Researchers Give Medical Homes Mixed Reviews

Patient-centered medical homes are one of the delivery system innovations encouraged by the Affordable Care Act (ACA). But recent studies present a mixed picture of the effectiveness of medical homes in improving quality and reducing costs through care coordination.

 

The National Committee for Quality Assurance (NCQA) has been “designating” medical homes since it started its recognition program in 2008. NCQA recognition, however, doesn’t necessarily deliver the anticipated results. “There is criticism that physicians and other providers are more concerned with checking NCQA’s boxes to document processes than with providing coordinated care and achieving better outcomes.” (“Reform Update: Medical-home adoption growing; evidence of effectiveness still elusive,” Modern Healthcare Daily Dose, August 18, 2014)

 

The medical home should add accountability, ease quality measurement and allow for better tracking of patient tests results and specialist visits. But three recent primary-care studies are not conclusive about the success of medical homes.

 

  • Health Services Research: Compared cost and quality measures for 308 NCQA-recognized medical homes with 1,906 non-recognized practices. Results showed that after receiving NCAQ recognition, total Medicare Payments, acute care payments and ED visits declined compared with non-recognized practices.

 

  • Health Affairs: Researchers concluded that “neither the patient-centered medical home score, nor pay-for-performance incentives, nor the acceptance of risk for the cost of hospital care for the [small] practice’s patients was significantly associated with the ambulatory care-sensitive admission rate.” (This study looked at small physician practices and found one- to two-doctor practices had 33 percent fewer ambulatory care-sensitive hospital admissions than practices with 10 to 19 doctors. Also reported was that physician-owned practices had fewer preventable admissions than hospital-owned practices.)

 

  • Millbank Reports: Concluded that payer alignment and corresponding payment reforms must be in place for medical homes to succeed. The report’s authors noted that typically no single payer can invest enough to make transforming the entire practice cost-effective.

 

(Report synopses from “Reform Update: Medical-home adoption growing; evidence of effectiveness still elusive,” Modern Healthcare Daily Dose, August 18, 2014)

 

 

iProtean subscribers, your next course, Physicians and the New Healthcare Business Model, provides a concise look at patient-centered medical homes and how this care model melds both population health management and value-based care.

 

A course about physicians by physicians—Todd Sagin, M.D., J.D. and Larry McEvoy, M.D.—it examines how physicians are making the changes necessary for the new business model, and offers unorthodox suggestions to boards and executives about how to work with physicians as the entire organization goes through radical change.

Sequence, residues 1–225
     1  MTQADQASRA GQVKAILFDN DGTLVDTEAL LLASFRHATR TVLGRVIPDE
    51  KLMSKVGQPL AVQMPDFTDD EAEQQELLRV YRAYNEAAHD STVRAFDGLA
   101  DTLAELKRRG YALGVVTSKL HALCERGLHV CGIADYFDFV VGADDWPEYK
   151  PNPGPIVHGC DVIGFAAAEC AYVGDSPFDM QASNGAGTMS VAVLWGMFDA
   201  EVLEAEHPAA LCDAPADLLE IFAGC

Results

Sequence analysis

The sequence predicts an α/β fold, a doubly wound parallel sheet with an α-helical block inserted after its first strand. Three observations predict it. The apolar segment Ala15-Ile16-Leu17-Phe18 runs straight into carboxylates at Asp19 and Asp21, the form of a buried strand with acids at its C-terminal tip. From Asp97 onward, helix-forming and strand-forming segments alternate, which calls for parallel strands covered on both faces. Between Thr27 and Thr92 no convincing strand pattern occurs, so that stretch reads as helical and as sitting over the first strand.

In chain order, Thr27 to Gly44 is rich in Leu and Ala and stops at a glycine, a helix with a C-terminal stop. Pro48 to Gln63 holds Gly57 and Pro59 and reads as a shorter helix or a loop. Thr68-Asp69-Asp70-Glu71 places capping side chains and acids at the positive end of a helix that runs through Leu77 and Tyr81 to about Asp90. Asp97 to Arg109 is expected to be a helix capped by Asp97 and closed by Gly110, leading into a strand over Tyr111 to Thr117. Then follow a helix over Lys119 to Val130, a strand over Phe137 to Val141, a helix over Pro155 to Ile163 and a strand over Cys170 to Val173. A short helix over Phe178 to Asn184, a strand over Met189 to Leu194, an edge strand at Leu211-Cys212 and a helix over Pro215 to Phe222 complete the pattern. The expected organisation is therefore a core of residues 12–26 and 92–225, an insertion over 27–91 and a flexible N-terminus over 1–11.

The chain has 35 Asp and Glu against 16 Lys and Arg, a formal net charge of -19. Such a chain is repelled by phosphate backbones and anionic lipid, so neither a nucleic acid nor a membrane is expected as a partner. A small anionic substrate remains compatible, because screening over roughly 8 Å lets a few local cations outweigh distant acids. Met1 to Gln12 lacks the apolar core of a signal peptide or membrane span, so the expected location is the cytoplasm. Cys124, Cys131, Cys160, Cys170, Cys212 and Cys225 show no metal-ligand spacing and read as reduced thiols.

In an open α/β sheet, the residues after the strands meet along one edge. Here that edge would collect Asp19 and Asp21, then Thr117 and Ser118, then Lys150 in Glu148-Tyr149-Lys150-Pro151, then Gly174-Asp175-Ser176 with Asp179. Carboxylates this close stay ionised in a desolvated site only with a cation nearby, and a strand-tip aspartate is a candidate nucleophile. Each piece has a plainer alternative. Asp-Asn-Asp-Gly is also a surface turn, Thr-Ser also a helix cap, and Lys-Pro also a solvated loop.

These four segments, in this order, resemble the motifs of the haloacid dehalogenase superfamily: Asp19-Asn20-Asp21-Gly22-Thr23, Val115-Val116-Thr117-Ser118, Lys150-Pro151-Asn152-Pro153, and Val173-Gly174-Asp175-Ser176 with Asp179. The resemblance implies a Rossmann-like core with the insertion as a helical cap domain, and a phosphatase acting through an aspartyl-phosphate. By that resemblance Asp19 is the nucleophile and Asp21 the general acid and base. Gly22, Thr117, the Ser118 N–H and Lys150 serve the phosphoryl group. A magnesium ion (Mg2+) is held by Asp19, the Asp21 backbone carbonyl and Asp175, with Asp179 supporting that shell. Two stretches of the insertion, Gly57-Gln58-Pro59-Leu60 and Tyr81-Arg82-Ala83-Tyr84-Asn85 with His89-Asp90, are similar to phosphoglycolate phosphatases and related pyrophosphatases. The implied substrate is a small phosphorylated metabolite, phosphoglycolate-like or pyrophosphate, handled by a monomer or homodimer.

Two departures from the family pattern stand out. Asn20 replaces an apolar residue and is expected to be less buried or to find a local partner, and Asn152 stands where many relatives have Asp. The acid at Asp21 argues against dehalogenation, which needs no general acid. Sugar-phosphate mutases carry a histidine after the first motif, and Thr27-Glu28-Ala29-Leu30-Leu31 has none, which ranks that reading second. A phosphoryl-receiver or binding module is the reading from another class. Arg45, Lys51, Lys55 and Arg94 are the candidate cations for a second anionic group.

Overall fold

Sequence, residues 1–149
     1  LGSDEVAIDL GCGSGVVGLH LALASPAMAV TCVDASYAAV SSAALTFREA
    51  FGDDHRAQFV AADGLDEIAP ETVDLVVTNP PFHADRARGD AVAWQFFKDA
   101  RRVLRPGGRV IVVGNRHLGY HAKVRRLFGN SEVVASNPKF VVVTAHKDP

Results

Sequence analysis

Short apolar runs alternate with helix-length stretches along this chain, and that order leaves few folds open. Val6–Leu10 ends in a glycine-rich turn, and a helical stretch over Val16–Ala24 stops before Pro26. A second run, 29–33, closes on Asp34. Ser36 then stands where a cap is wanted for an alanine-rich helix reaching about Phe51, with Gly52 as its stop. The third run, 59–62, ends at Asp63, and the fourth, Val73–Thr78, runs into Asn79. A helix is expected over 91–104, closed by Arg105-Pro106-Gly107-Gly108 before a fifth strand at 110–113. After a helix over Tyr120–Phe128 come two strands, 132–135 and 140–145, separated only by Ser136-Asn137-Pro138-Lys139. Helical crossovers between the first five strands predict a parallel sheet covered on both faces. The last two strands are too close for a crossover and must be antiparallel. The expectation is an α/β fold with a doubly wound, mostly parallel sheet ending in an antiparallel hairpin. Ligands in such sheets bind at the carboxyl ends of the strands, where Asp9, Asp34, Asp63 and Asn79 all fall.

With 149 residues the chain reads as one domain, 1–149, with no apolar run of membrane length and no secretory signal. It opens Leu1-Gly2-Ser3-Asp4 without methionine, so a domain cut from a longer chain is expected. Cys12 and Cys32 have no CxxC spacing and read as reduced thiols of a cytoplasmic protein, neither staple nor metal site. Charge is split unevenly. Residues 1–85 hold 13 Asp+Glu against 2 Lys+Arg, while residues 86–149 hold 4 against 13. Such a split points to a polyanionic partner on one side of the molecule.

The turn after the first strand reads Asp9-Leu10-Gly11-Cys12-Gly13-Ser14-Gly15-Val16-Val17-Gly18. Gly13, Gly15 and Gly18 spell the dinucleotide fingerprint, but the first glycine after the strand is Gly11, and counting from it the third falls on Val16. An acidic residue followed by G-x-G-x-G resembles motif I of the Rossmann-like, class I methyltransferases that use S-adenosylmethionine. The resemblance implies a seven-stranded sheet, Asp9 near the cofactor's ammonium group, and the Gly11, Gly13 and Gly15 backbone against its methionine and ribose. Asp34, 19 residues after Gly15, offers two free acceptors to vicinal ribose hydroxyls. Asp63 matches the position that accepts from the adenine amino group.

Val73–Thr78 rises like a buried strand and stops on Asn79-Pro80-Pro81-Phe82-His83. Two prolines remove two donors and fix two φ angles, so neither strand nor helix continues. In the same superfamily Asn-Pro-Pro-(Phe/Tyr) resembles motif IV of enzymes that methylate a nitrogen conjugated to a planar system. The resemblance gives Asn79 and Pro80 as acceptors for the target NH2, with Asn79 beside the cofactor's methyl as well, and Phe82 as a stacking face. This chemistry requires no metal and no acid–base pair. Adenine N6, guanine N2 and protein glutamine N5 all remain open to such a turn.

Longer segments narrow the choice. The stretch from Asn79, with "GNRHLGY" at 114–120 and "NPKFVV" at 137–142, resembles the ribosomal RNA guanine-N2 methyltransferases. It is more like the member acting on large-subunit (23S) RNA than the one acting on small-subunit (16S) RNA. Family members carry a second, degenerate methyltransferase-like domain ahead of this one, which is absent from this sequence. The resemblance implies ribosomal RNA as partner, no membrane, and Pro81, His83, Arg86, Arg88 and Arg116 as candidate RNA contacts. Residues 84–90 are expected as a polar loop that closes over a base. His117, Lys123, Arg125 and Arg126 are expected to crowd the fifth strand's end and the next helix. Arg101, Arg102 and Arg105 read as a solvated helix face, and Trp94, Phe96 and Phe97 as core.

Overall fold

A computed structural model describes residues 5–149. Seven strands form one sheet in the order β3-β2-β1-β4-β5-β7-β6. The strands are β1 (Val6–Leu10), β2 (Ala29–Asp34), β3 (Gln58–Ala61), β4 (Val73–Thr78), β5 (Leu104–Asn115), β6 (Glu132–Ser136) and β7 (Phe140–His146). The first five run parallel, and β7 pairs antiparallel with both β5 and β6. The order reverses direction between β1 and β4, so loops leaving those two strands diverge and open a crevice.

For a complete list of iProtean courses, click here.

 

For more information about iProtean, click here.

 

Some Hospitals Will See Increases in Medicare Payments in 2015

Hospitals that successfully participate in the Hospital Inpatient Quality Reporting (IQR) Program and are meaningful electronic health record (EHR) users will see an increase of 1.4 percent operating payment rates for inpatient stays in 2015, according to a final rule released last week by CMS.

 

However, overall payments under the Inpatient Prospective Payment System (IPPS) will decrease by more than $750 million (0.6 percent). CMS explained that the rate increase will be offset by reductions under the Hospital Readmissions Reduction program, changes to Medicare disproportionate share hospital payments, the expiration of some statutory provisions that gave special temporary increases in payments to hospitals, and other changes to IPPS policies.

 

Some of the specific quality-related changes noted in the final rule include:

 

  • Hospital Value-Based Purchasing Program: An increase in FY 2015 of the applicable percent reduction to 1.5 percent of base operating DRG payment amounts to participating hospitals

 

  • Hospital Readmissions Reduction Program: Increase in the maximum reduction in payments from 2 percent to 3 percent, as required by law

 

  • Hospital Acquired Condition Reduction Program: Reduction of inpatient payments of 1 percent by those hospitals with the poorest performance

 

  • Inpatient Quality Reporting: Finalization of 63 measures (47 required, 16 voluntary) set for the FY 2017 payment determination and subsequent years—11 measures were added and 19 were removed